Tuesday, January 20, 2015

Tuesday Ramble

Movement is a medicine for creating
change in a person's physical,
emotional, and mental states.

Carol Welch
Good morning, everyone.  Hope those of you who had the day off yesterday had a good one.  I went out looking for a new purse yesterday.  I use a cane to walk outdoors and hate carrying a purse in my hands leaving no hands free. And the handles on the purse I just bought are too short to wear over a heavy winter coat.  They keep sliding down my arm, and that is downright annoying.  I prefer having a cross-body bag.  So much easier to maneuver.  Problem is, I need something large enough to carry my art supplies twice a week.

I left the house too early, though, and came back empty-handed.  But, all was not lost.  I walked from 60th Street to 53rd and back again.  That's 14 blocks.  And I wasn't out of breath at all.  The pain, too, was a lot less than it once was.  A few short months ago I would have been stopping every other block to lean against a pole to catch my breath and alleviate the pain.  I am so amazed at my progress, and all it took was losing a few pounds.  Imagine how good I am going to feel when I lose the last 50. 

They are calling for some snow here tomorrow.  Hope not.  Have to go back for another field test.  They need a second test to confirm the diagnosis of glaucoma.  Keeping my fingers crossed that I pass this one.  

I've been reading "The Books of Rachel", the second of the Rachel books by Joel Goss.  Actually, this was the first written, but the other took place during earlier time periods so I chose to read that one first.  This is just as good as that one.  I just can't put these books down and plan on re-reading both in the future.

 From the book description:

"The Books of Rachel is a fictional microcosm of 500 years of Jewish history. Since the 15th century, in the Cuheno family, the first daughter born to the family is given the name Rachel and a heritage of faith and courage as precious as the family diamond. A saga sweeping from the Spanish Inquisition to the birth of a Jewish homeland."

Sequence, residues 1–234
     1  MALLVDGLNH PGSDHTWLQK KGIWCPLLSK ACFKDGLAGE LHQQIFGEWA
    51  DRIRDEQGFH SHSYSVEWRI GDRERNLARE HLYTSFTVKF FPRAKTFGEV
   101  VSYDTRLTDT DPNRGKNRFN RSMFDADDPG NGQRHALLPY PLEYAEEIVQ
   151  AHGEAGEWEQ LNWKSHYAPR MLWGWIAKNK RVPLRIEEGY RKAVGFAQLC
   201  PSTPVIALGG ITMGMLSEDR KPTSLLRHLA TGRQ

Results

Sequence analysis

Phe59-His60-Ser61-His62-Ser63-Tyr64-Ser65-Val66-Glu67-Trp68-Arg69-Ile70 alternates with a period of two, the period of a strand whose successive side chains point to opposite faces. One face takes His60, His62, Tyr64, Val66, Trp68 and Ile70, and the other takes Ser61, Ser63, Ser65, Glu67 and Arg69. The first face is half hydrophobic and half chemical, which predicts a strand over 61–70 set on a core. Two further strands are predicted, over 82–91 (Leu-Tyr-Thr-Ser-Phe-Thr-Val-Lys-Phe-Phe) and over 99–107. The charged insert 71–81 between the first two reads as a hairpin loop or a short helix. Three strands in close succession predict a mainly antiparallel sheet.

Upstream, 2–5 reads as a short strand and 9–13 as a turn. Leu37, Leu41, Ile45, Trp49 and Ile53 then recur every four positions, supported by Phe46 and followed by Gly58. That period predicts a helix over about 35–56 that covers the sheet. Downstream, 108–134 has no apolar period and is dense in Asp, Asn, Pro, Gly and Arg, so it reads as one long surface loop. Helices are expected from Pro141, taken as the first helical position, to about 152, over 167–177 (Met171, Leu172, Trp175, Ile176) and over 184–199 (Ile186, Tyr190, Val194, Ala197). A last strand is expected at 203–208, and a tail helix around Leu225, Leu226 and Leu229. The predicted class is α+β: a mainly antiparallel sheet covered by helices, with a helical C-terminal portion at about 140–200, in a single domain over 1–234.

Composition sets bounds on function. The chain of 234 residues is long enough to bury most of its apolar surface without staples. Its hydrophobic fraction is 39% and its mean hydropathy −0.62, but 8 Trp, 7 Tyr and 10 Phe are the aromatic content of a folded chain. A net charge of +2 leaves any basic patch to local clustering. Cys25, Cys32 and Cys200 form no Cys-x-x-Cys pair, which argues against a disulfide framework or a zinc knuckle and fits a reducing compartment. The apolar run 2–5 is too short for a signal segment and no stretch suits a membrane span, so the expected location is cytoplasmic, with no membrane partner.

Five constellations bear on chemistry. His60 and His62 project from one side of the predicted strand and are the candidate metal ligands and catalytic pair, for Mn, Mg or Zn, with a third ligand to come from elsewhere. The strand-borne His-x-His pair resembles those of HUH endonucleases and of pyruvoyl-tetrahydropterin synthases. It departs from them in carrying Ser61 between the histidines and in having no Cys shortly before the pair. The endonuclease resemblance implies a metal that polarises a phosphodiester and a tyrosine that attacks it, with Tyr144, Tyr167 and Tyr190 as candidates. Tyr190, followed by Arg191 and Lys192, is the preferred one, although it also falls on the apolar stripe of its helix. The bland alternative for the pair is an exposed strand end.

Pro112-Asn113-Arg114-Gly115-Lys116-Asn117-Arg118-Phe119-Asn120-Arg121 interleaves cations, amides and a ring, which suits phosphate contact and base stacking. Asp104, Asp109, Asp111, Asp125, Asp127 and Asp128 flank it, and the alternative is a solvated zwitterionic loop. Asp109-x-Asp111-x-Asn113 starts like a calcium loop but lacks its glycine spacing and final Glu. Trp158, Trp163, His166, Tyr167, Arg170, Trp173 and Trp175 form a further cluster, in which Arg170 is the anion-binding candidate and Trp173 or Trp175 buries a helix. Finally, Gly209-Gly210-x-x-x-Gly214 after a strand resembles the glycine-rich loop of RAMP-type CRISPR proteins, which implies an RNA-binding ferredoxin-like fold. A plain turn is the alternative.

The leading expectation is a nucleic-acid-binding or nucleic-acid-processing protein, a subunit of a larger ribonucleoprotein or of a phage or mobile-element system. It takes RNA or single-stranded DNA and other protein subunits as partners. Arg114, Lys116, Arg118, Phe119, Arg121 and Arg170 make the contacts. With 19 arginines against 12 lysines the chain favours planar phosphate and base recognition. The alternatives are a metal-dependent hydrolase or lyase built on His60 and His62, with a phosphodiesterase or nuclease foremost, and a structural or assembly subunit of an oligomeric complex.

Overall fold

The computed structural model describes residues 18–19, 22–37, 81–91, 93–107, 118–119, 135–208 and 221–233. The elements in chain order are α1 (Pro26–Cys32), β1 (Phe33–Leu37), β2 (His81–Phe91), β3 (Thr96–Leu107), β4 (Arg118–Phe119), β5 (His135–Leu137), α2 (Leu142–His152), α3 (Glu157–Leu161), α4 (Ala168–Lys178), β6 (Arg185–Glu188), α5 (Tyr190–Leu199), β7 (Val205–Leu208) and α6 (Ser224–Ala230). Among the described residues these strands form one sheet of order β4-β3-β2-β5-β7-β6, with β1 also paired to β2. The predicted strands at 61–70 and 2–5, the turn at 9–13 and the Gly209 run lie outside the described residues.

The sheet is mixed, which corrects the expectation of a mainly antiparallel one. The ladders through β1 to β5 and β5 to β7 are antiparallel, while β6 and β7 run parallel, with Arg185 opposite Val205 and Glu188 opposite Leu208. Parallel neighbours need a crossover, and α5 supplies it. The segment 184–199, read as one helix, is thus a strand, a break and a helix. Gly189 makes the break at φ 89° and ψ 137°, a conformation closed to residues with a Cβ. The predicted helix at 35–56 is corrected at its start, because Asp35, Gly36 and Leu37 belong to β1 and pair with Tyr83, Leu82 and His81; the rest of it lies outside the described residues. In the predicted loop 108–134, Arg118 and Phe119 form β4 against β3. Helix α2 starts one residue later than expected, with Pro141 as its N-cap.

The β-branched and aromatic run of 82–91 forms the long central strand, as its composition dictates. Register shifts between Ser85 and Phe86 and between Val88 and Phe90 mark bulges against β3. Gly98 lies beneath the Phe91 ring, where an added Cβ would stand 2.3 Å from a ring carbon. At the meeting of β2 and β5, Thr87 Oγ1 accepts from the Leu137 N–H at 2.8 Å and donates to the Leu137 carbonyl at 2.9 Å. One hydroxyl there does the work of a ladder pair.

Part One was my favorite. It  takes place in Spain during 1484,  Rachel Cuheno lives with her nobel family under the protection of the royal court of King Ferdinand,  She  dies during the reign of tortures of the Jewish people and others during the Spanish Inquisition.  This one really played havoc on my emotions, and I found myself so angry about the cruelty of torturous acts done in the name of religion.

My skin is so darn dry this year that I find myself scratching until I bleed.  Even my hands now.  I've tried everything, but nothing has worked.  My skin has always been dry in the winter, but never like this.  Any suggestions? 

Well, that's about it.  I'm off to the shower and breakfast. 


  1. My skin pulled the same stunt on me - terribly dry and itchy, for no special reason. My doctor told me firmly to use Eucerin or Aquaphor - nothing else (including my beloved cocoanut oil, which smells nice but has very little moisturizing effect). So I started about a month ago, with Eucerin Intensive Repair, applying lavishly all over after showering, and it has made a huge difference. A bit pricey, but not greasy and it absorbs well. Good luck!

  2. Both are good products, but what about a floor humidifier.
    If you have radiators, you can put a pan of water on them. In the past, I've put a large pan of water on the stove with potpourri in it when I was going to be home all day.
    I'm thinking & have been, that I need a floor humidifier here at Ed's.
    Best time to apply those products is right after you shower.
    Hope this helps and hope I take my own advise. ;0)